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Retirement Planning

Do annuities have beneficiaries

Learn why annuities need beneficiaries and how inherited annuities are passed on to beneficiaries in this article from Protective.

Annuities are a way to ensure a regular payout in retirement, but what happens if you die before or while you are receiving payments from your annuity? This article will explain the basics of annuity death benefits, including who can receive them and how. Read on for answers to questions like:

  • Do beneficiaries have to pay taxes on annuities?
  • What annuity beneficiary payout options exist?
  • What happens if a beneficiary is not named?
  • What is an annuity death benefit?

Annuities pay out a set amount over time to you during your retirement. If you die before initiating those payments, your loved ones can collect money from the annuity in the form of a death benefit. This ensures that the beneficiaries benefit from the funds that you have saved or invested in the annuity contract.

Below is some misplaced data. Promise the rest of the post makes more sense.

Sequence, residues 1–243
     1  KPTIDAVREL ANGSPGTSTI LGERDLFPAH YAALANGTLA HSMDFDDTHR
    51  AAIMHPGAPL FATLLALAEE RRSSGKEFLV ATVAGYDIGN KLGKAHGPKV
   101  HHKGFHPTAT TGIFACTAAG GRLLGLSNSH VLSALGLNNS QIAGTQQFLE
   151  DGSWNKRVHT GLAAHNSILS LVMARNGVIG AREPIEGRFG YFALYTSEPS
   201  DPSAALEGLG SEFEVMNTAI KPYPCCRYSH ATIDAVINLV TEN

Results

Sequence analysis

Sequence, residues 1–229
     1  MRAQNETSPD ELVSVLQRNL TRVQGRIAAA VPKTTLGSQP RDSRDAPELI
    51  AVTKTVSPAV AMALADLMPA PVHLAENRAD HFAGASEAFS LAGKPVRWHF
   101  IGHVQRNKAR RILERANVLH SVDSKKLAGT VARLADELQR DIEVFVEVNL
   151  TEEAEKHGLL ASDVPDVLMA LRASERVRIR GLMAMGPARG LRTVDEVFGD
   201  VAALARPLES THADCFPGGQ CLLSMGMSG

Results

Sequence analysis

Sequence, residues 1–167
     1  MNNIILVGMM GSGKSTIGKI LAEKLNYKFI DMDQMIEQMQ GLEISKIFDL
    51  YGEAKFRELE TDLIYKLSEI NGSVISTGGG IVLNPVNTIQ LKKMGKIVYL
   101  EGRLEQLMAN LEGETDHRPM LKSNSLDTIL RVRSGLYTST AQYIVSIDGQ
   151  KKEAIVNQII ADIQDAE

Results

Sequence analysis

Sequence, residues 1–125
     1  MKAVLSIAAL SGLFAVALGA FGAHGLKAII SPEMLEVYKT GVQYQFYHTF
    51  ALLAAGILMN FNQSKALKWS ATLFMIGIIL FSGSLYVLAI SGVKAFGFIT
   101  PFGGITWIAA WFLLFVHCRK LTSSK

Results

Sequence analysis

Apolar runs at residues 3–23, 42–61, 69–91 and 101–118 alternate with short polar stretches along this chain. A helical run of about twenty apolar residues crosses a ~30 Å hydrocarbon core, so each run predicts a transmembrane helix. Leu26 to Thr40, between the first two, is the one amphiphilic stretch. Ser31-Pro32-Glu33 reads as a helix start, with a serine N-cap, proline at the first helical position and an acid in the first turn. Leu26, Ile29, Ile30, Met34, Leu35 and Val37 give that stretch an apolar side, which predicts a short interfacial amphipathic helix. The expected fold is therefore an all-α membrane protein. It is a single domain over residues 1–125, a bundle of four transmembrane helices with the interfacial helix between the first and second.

Do annuities have beneficiaries?

Beneficiaries are important because they collect the payout from your annuity after you die. A primary beneficiary is designated by the annuity owner to receive the death benefit upon their death. (NOTE: The owner is usually the annuitant, or person whose life the death benefit is contingent upon, but could be a different person.) The primary beneficiary has the first right to claim those funds.

Do annuities have secondary beneficiaries?

A secondary beneficiary, also known as a contingent beneficiary, is next in line to receive the death benefit if the primary beneficiary is unable or unwilling to collect it. The secondary beneficiary would only be eligible to receive the death benefit if the primary beneficiary predeceases them.

How to choose beneficiary types

You must choose your annuity beneficiary when purchasing an annuity that includes a death benefit. This can seem like a simple decision, but there are factors and potential ramifications to consider including age, tax status and financial circumstances when choosing beneficiaries.